Author Archives: John Bengtson

Silent Comedy’s Crazy Corner

Quick – what are some essential elements for a silent comedy? A park bench? An angry cop? A banana peel? If you think about it, one absolutely essential geographic element is the humble street corner. It doesn’t matter what the … Continue reading

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Happy “Roaring Twenties” New Year at Keaton’s Bungalow

Happy New Year everyone! For some reason 2020 and its prior century silent-era counterpart resonate with me more so than 2019-1919 ever did. The Roaring Twenties are with us again. This widely viewed classic photo of Buster making his 1929 … Continue reading

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Buster Keaton at the Selig Studio “Prison”

I only recently became aware of the Selig Polyscope Studio, the first permanent studio built in Los Angeles that opened in 1909 two blocks north from where the Keystone Studio would later open. Focusing on the facility’s distinctive walls and … Continue reading

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Buster Keaton’s Scarecrow Adobe

I’m delighted to host guest blogger Jeffrey Castel de Oro’s amazing post regarding the early California history appearing in Buster Keaton’s The Scarecrow. A friend for 20 years, Jeff has contributed many significant locations and photographs to all of my … Continue reading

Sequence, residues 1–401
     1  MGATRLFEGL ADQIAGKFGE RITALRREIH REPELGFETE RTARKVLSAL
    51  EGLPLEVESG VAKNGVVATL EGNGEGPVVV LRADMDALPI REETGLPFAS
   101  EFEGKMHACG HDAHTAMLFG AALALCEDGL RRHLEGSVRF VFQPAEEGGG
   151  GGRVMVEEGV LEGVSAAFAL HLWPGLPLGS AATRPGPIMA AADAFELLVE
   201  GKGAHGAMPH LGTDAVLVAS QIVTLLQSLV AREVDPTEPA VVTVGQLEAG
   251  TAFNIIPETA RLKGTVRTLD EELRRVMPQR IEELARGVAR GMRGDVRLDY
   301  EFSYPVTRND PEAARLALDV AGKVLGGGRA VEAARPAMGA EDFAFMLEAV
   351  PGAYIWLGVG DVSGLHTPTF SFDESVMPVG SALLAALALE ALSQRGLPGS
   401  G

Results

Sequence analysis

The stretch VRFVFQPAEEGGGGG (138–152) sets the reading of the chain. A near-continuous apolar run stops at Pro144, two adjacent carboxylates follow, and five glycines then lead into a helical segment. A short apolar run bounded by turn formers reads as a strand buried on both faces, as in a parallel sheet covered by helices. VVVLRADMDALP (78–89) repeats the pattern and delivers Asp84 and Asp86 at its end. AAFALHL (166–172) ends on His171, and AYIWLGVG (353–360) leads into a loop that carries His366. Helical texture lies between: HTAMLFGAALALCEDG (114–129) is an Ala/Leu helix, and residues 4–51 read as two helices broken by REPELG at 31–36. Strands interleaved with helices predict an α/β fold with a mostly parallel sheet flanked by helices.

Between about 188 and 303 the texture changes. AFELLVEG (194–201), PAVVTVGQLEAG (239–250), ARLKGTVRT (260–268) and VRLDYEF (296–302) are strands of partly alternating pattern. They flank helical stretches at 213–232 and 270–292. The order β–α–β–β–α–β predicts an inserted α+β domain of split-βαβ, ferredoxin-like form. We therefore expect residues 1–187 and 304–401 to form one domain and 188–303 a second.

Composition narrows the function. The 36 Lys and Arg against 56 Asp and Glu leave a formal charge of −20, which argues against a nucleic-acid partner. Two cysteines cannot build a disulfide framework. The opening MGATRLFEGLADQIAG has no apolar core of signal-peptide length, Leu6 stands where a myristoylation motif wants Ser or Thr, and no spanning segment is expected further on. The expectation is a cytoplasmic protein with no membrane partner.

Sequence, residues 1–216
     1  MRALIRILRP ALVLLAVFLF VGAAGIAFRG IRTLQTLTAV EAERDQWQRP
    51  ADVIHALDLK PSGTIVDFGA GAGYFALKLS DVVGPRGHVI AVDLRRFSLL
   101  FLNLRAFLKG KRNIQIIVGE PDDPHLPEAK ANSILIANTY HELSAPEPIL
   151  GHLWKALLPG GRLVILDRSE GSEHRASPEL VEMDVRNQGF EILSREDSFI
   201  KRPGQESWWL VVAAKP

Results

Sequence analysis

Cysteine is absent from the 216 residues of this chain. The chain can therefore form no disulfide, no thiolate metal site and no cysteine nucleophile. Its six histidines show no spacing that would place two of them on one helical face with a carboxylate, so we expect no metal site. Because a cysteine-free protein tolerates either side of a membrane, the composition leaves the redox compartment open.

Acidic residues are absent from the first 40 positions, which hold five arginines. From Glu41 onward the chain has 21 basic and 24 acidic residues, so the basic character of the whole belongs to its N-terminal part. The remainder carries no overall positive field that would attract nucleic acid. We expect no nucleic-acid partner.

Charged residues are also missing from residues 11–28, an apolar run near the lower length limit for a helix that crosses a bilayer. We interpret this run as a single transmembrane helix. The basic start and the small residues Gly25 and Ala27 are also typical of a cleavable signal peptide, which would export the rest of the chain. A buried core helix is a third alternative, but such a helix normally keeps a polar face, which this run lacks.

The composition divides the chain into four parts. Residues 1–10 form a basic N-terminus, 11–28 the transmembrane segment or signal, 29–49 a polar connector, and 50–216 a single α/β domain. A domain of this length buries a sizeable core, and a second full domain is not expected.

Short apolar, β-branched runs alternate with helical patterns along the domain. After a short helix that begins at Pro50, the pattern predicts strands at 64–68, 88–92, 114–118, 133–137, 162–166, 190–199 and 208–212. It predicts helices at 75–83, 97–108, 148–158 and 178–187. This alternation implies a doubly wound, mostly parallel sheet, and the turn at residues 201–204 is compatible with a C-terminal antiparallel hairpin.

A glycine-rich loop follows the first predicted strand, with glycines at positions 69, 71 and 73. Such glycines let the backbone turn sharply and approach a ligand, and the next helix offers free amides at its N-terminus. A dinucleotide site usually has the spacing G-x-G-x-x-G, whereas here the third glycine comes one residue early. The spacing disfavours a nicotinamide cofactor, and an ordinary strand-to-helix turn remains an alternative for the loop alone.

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Silent Hollywood’s Japanese Enclave

The great silent film comedians Charlie Chaplin, Buster Keaton, and Harold Lloyd filmed more frequently on the 1600 block of Cahuenga south of Hollywood Boulevard than at any other street in town. Keaton alone filmed scenes for eight different movies … Continue reading

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How Mary Pickford Filmed Daddy-Long-Legs Part Two

In Daddy-Long-Legs (1919) Mary Pickford portrays an endearing young orphan later sent to college by an anonymous benefactor. Complications ensue when Mary meets her sponsor, unaware of his status, and they fall for each other. Pickford’s most financially successful production … Continue reading

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Chaplin’s Earliest Scenes Beside the Selig Studio

When Charlie Chaplin began his film career at the Keystone Studio in 1914, the Selig Polyscope studio (above) stood just two blocks to the north, sandwiched between Clifford and Duane Streets along Allesandro (now Glendale Boulevard) in Edendale. Opening in … Continue reading

Posted in Charlie Chaplin, Keystone Studio, Tillie's Punctured Romance | Tagged , , , , , , , , , , | 14 Comments